Equations can calculate with breathtaking precision the evolution of a spacecraft lunch in space through the solar system, but they leave you if you want to predict even approximately the evolution of a falling leaf, right in front of your nose, jolted in a very smooth draft.

In the standard scientific jargon, these phenomena insoluble with equations are called: 'deterministic chaos'. Deterministic, for real effects that we can precisely spot and measure determines the future of the events. Chaos, for we know nothing about what's going on despite our knowledge of all what determine the events.
And deterministic chaos appears to be common thing in nature. For instance, water flow and air stream are chaotic in many situations. To have deterministic chaos, you only have to take 3 body and to find there reciprocal influences. The earth round the sun, it's perfectly depicted by an equation, but the earth with the moon and the sun and their respective attractions, already it's fundamentally unpredictable. We can grasp it by tinker equations with approximations and corrections which are not very mathematically limpid, but planets do not go round quickly, and we don't ask what will be in a billion years. To the question: 'is the solar system stable?', no one can tell you with certainty.

The usual explanation is to state that the unpredictability of such phenomenon results of an 'extreme sensibility to initial conditions'. You throw the cork in the river one part of a millimeter left or right, and his travel will be completely different, only by the fact that a very small gap when starting will be magnified during the travel. As time passes, this gap will increase and increase, and finally the cork will be brought in a stationary whirl or in a well-formed current which will rapidly carry it downstream.
It happens that to calculate the motion we have to round off the result of a calculation before beginning the next for it never falls 'right'. Whatever the precision, when we round off it always remains in the result a very tiny gap with the 'right number'. This small gap grows with each of the calculations, and ends being big enough to completely distort the evolution result.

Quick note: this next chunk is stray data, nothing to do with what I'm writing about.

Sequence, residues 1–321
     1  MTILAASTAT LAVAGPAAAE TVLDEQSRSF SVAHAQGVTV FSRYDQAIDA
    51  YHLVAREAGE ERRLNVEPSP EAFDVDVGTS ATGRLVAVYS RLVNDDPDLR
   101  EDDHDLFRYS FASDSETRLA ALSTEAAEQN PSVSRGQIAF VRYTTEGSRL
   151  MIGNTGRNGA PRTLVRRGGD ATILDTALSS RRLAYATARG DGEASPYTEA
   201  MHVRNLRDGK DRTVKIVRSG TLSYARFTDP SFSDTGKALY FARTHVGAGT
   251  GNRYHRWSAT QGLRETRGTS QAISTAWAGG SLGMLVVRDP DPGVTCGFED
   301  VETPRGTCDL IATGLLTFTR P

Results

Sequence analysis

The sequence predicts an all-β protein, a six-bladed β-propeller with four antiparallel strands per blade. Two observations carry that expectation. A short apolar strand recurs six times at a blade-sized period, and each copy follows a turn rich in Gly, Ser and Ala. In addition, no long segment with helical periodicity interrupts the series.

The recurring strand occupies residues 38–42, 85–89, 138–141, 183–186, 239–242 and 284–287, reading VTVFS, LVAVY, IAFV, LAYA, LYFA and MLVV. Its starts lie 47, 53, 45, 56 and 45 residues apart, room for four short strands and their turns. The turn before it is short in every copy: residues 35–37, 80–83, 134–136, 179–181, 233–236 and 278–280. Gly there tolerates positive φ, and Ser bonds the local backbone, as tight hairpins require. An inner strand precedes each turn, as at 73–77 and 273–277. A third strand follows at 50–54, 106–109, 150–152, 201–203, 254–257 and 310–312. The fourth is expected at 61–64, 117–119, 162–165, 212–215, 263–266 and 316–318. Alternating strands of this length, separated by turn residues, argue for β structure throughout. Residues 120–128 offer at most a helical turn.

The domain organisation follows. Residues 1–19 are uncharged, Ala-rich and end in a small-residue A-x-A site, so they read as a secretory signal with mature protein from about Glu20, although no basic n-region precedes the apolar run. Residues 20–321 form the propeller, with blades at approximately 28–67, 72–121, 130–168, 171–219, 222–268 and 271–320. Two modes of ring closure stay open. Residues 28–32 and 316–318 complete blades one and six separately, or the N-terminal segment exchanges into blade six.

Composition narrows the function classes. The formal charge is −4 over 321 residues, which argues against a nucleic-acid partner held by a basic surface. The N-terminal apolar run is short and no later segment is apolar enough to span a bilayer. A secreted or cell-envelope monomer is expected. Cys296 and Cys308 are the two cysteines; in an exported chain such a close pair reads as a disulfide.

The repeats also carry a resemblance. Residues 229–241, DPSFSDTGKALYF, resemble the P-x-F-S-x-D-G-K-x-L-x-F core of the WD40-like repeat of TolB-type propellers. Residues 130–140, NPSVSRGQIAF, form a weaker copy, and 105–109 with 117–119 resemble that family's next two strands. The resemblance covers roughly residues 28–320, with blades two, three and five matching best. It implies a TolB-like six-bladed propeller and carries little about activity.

Toward a new definition of dimensions

We shall attempt here to propose a new way of tackle this sort of problem, and to suggest that the powerlessness to describe with an equation the evolution of a point's coordinates in a chaotic phenomenon, doesn't stand in real paradoxes or real unpredictability of phenomena, but simply stands in the inadequacy of our way to represent them, that is to dimension them.
The point is not that we have a problem without solution, it is that we do not put it correctly, and we do not put it correctly because we put it in terms of coordinate dimensions, that is in terms of paths of points whose coordinates evolve in space.

What we will try to show, is that a brand new definition of dimension is needed, more general still than coordinates in a 'n' dimensions space.

In that definition, a coordinate will be only a special sort of dimension, and the path of points will be only a way among others to describe the evolution of a process. Sometimes useful, sometimes inappropriate.
With this definition, fractal dimensions of Mandelbrot will lose their strangeness, and will appear on the contrary more natural and more normal than whole dimensions used to describe a Euclidean space.

The usual concept is to describe a dimension as the value we give to a coordinate.
Then, how shall we describe here a dimension?  We state, that a dimension, is the value we give to a deformation.
By and large, we will speak here about 'deformation dimensions'.
What is a deformation dimension?
To first define what the essential link between dimension and deformation is, we shall now demonstrate that some deformations can be measured without ever using any coordinate.




next :  the measurement of the deformation of a contrast